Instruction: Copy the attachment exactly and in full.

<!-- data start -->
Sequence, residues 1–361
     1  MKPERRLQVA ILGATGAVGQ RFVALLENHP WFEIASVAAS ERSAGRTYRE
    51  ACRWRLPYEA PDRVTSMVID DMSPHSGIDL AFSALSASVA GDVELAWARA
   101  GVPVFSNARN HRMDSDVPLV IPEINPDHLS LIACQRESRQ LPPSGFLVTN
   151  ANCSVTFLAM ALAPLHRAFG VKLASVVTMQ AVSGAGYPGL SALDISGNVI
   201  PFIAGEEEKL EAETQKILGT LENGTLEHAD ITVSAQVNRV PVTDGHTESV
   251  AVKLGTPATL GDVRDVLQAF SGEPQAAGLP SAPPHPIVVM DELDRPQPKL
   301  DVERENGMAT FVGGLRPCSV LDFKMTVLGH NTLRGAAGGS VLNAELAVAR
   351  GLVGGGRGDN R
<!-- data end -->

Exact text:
Sequence, residues 1–361
     1  MKPERRLQVA ILGATGAVGQ RFVALLENHP WFEIASVAAS ERSAGRTYRE
    51  ACRWRLPYEA PDRVTSMVID DMSPHSGIDL AFSALSASVA GDVELAWARA
   101  GVPVFSNARN HRMDSDVPLV IPEINPDHLS LIACQRESRQ LPPSGFLVTN
   151  ANCSVTFLAM ALAPLHRAFG VKLASVVTMQ AVSGAGYPGL SALDISGNVI
   201  PFIAGEEEKL EAETQKILGT LENGTLEHAD ITVSAQVNRV PVTDGHTESV
   251  AVKLGTPATL GDVRDVLQAF SGEPQAAGLP SAPPHPIVVM DELDRPQPKL
   301  DVERENGMAT FVGGLRPCSV LDFKMTVLGH NTLRGAAGGS VLNAELAVAR
   351  GLVGGGRGDN R